Roll pieces of dough into a thin rope and cut into 1/2" pieces. Press and roll to make little shells.

Cook in salted boiling water. Drain and serve with your favorite sauce.

For the sauce, I blended several yellow tomatoes in the blender to make a sauce.

Into a skillet went garlic, leeks, and fennel. When it was wilted, I added white wine and cooked it down. Next went the tomato sauce.

I brought it all to a boil and added oregano, crushed red pepper flakes, and a pinch of salt.

I brought it to a simmer and poached monkfish medallions in the sauce, and then added chunks of yellow tomato.

I cooked the pasta about 3/4 of the way though and then added it to the sauce to finish cooking.

The end result was pretty spectacular for being such a simple meal.

I am really going to miss these fresh tomatoes.

Fresh Tomatoes

The Last Hurrah

Sadly, the garden is over for another year... It's been a good year, with a record amount of tomatoes, cucumbers, galore, and some pretty hot peppers.

The eggplant didn't do as well as it has in the past, and, neither did the hot peppers, although there are still a few out back. The peppers that did arrive came late. I'll go out and get the last of them as soon as it stops raining. (Wishing I could send the rain west...)

Fresh Tomatoes

The green and purple beans started out great and then withered away. No idea why. The beets were good, but also not really plentiful. We also harvested the last of the leeks and the fresh ginger.

It really was the year of the tomato - and, when we weren't canning them, they seemed to go into almost everything we made.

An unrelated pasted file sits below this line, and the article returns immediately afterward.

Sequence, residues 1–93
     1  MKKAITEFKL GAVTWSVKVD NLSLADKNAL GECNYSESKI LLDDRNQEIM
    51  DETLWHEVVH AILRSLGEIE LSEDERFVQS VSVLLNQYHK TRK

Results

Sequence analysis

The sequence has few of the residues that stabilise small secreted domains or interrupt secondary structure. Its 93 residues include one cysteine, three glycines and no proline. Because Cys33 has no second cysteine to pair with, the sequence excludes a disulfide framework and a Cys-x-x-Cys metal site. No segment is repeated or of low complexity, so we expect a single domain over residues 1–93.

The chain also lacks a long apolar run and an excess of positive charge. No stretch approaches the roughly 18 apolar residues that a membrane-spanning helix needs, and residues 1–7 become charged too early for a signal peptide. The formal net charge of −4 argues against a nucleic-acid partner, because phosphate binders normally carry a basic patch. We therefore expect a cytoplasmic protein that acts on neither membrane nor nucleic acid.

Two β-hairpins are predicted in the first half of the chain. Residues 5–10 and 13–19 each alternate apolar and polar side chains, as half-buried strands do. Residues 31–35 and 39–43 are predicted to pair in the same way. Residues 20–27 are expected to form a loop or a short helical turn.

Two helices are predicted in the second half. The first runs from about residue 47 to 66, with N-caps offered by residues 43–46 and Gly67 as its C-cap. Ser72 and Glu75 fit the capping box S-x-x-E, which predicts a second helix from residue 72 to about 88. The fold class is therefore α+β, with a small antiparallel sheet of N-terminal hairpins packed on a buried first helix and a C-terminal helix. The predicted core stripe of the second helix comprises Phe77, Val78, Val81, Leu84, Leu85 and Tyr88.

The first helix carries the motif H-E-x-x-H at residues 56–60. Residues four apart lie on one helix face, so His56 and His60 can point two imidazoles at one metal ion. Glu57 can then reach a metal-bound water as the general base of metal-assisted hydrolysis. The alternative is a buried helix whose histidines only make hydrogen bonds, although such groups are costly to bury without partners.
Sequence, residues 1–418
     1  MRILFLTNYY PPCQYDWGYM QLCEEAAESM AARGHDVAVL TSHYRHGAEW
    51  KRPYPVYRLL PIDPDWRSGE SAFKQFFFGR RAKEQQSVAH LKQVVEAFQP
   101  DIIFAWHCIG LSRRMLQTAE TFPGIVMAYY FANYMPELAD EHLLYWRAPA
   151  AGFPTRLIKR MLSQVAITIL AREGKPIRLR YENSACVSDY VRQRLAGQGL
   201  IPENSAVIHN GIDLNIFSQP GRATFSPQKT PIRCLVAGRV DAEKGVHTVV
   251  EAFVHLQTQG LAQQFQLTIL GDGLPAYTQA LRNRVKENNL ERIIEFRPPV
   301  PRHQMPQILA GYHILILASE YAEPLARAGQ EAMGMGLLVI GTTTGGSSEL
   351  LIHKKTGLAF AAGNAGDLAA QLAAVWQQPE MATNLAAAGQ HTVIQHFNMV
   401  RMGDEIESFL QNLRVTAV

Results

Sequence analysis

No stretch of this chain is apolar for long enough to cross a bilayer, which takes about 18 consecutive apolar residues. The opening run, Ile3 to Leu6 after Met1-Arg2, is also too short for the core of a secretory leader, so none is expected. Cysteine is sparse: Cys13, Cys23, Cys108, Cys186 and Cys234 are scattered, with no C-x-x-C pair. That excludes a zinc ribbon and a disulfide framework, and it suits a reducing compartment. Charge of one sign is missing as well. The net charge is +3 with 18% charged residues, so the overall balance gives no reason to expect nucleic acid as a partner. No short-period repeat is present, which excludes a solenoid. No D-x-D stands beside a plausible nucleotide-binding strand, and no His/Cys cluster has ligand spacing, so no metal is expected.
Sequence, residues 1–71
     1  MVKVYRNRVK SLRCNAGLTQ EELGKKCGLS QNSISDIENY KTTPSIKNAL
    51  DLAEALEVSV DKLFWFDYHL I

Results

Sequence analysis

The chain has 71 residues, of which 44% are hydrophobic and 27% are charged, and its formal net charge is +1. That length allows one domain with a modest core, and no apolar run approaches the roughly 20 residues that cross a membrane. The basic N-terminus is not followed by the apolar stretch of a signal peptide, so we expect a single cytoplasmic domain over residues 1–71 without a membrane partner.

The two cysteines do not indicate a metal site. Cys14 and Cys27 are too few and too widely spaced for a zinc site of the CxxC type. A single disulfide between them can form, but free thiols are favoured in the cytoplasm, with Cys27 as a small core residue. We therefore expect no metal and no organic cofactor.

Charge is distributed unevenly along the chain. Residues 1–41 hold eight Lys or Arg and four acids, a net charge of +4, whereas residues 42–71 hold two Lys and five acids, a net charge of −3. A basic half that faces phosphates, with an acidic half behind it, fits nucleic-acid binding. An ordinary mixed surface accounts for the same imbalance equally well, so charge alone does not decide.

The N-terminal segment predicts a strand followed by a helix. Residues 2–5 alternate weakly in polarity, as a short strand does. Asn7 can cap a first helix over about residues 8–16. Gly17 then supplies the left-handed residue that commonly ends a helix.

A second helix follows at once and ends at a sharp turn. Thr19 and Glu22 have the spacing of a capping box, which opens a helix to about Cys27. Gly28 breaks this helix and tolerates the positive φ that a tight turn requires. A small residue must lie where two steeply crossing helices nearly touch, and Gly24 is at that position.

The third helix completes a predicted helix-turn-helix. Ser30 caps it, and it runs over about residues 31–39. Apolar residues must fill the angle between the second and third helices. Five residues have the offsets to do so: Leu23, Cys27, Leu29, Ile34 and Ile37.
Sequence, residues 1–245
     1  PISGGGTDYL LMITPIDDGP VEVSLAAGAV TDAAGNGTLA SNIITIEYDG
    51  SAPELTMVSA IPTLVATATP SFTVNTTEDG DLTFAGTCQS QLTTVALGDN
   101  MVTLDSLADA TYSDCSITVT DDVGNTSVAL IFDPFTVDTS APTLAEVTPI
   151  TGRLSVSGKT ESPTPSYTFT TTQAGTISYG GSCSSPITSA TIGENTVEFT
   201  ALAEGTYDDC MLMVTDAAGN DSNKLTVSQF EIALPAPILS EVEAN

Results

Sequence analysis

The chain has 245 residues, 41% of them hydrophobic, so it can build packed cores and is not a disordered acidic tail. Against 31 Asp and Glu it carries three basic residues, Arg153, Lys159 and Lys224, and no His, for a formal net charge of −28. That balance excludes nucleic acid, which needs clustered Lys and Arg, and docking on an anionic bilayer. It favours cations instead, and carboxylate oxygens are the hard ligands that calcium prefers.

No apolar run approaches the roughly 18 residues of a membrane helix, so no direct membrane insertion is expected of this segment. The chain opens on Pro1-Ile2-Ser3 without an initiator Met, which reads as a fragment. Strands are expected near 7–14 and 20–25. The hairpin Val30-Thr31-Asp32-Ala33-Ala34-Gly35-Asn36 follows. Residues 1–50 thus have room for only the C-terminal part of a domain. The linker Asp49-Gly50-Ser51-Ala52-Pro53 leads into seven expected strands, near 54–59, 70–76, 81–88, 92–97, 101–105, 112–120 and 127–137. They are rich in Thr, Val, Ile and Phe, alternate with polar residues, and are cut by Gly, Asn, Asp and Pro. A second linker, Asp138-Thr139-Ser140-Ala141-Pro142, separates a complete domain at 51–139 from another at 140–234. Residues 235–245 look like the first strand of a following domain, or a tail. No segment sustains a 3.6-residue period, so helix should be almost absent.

A few nights ago, I made a throw-together andouille sausage and chicken stew, and then the following night, made a pot pie with the leftovers.

Pot Pie

I laid thick slices of tomato on top of the filling before adding the top crust. It was a pretty good use of leftovers...

And then, after seeing a recipe from La Cucina Italiana - I made a bean soup with shrimp.

Bean Soup

I didn't even remotely follow their recipe. but I did take their idea.

I made a quick bean soup using canned cannellini beans, homemade tomato paste, garlic, leeks, and celery, along with white wine, chicken broth, and aleppo pepper. I used an immersion blender to smooth it all out and then added a final can of beans for texture.

I sauteed shrimp in butter and olive oil, lots of garlic, a squirt of lemon, and lots of parsley.  Put the soup in a bowl, added the shrimp on top, and drizzled the pan juices around. It was pretty darned good. I made garlic bread from the Italian Bread I had made earlier in the week

Italian Bread

It was pretty good, too.

We probably have another weeks worth of tomatoes ripening and then it's over until next year - and next year's garden will be in California!




Tomato Galette

Tomato Galette

The garden tomatoes are slowly coming tpo an end, but while they're still around, we're coming up with more ways to eat them.

Tonight, Victor made a Tomato Galette - layers of sliced tomatoes under crisp and crunchy croutons. It was pure perfection!

He took a bunch of yellow heirloom tomatoes and sliced them and then layered them in a small casserole dish with thinly-sliced shallots, a bit of shredded quattro formaggio cheese blend, salt & pepper, topped with homemade croutons from the Italian Bread I made yesterday.